(4) In case of carrying out the polycondensation reaction by using a calcium compound as ester exchange catalyst in an amount of 0.05 to 0.15% by mole, there can be obtained a polyester containing 0.05 to 0.4% by weight of deposited particles having an average particle size of about 1 to 3 μm.

(5) In this operation, when terephthalic acid is added after the completion of the ester exchange reaction, the deposited particles have an average particle size of about 0.5 to 2 μm.

Needless to say, the size and amount of the deposited particles are subject to change according to the polymerization conditions, especially temperature and pressure. The above-shown particle size and amounts are therefore merely illustrative.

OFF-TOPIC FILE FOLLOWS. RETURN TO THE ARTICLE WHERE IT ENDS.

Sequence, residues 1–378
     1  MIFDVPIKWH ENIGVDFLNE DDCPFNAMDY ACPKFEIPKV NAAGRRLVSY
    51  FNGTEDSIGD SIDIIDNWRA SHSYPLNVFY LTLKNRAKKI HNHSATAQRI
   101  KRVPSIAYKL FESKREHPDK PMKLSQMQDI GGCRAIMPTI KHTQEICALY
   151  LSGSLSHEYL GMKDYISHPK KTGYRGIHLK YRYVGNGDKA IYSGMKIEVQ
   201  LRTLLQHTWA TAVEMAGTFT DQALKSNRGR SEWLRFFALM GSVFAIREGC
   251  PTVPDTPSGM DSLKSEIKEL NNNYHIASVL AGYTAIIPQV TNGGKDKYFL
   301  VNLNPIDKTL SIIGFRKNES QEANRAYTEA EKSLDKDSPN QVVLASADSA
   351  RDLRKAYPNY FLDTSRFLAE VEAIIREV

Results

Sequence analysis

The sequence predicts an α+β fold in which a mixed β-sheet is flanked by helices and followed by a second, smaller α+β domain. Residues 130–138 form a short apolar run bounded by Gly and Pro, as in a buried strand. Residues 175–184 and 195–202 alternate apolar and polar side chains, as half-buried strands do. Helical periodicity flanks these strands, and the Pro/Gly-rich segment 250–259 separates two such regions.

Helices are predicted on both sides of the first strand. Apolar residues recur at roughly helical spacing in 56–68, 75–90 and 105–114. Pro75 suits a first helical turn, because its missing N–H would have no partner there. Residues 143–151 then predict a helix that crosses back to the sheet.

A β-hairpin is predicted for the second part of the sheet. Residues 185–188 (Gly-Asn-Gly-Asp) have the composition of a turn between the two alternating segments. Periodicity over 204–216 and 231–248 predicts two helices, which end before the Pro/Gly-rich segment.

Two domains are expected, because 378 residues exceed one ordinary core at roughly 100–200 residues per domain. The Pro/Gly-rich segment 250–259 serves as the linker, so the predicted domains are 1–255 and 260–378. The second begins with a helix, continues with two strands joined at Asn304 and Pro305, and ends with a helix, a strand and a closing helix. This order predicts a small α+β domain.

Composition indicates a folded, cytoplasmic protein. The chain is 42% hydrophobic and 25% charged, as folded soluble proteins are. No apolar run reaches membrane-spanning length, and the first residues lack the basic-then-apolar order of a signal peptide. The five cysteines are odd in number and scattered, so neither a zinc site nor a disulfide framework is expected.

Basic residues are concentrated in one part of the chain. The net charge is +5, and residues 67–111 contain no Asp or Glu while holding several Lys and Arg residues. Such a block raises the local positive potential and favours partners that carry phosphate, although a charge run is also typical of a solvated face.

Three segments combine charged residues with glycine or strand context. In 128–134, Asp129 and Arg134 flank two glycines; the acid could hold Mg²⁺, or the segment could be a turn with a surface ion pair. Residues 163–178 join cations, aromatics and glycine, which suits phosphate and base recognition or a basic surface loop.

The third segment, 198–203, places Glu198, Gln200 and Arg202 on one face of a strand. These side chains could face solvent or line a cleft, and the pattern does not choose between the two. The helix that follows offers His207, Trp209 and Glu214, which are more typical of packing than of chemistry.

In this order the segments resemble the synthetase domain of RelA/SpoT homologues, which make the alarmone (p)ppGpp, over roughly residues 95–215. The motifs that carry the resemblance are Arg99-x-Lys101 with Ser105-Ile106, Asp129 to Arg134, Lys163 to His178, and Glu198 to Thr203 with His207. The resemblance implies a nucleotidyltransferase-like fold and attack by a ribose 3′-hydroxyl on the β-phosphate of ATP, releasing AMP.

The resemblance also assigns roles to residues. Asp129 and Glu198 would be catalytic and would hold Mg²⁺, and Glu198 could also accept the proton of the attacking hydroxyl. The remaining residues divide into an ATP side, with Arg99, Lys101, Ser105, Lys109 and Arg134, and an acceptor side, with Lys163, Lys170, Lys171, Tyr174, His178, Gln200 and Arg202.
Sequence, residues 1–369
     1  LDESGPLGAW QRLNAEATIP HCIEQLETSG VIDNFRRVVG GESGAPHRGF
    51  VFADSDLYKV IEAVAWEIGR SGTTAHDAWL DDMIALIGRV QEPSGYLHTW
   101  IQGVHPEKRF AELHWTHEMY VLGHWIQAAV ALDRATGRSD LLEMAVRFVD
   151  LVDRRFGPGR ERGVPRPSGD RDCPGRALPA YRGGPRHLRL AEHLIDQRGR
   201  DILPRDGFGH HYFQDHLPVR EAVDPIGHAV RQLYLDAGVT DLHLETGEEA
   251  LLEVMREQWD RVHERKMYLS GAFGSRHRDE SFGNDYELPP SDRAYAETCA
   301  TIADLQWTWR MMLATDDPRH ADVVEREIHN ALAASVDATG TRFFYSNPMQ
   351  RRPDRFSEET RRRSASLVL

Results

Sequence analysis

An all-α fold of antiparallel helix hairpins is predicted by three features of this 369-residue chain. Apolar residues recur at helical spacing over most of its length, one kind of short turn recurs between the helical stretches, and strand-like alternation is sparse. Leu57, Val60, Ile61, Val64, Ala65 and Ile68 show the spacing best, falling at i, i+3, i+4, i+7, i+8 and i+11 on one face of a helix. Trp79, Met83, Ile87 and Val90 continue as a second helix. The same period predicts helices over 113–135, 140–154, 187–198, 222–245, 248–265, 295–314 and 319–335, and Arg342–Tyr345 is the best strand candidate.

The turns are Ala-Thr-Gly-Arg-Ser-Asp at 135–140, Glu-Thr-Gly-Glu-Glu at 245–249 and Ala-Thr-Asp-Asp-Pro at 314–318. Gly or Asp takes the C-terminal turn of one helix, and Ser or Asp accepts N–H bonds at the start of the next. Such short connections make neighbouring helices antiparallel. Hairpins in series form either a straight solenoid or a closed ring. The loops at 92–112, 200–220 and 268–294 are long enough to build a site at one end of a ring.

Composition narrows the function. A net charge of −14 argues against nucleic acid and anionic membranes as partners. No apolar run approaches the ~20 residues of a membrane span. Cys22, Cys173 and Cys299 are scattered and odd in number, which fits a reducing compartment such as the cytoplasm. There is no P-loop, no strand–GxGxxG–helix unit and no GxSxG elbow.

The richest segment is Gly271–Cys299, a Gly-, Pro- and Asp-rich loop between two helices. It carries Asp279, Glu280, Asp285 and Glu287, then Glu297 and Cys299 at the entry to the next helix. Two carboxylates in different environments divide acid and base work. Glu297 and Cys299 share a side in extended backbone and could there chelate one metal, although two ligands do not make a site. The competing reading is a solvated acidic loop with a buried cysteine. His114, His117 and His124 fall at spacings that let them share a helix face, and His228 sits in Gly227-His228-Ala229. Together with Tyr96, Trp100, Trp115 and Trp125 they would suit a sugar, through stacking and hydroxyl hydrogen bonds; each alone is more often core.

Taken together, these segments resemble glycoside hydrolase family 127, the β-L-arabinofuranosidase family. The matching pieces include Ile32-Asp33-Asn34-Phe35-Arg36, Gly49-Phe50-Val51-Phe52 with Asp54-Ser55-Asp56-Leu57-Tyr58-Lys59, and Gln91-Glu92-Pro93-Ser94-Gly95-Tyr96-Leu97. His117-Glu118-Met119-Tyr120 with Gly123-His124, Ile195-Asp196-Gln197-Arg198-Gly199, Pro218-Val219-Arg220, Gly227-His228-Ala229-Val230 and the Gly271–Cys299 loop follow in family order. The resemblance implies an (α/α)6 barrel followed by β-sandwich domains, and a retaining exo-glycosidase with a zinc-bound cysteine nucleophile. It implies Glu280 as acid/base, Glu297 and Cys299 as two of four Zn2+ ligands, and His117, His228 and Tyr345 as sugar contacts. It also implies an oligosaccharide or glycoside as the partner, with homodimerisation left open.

In the present invention, it is preferred, in any case, that the inactive particles (B) are lower in Mohs hardness than the inactive inorganic particles (A). If necessary, the particles (B) may comprise two or more different types of particles.

The present invention is further characterized by the fact that the intrinsic viscosity of the polyester film according to this invention falls within the range of 0.52 to 0.65. Generally, the lower the intrinsic viscosity of the film, the better is the cutting quality of the film, but it is to be noted that when the intrinsic viscosity is less than 0.52, there tends to take place break of the film in its forming process to badly affect the productivity. On the other hand, when the intrinsic viscosity exceeds 0.65, there can not be obtained a desired improvement of slitting quality. The preferred range of intrinsic viscosity is from 0.54 to 0.62, and more preferred is 0.54 to 0.60.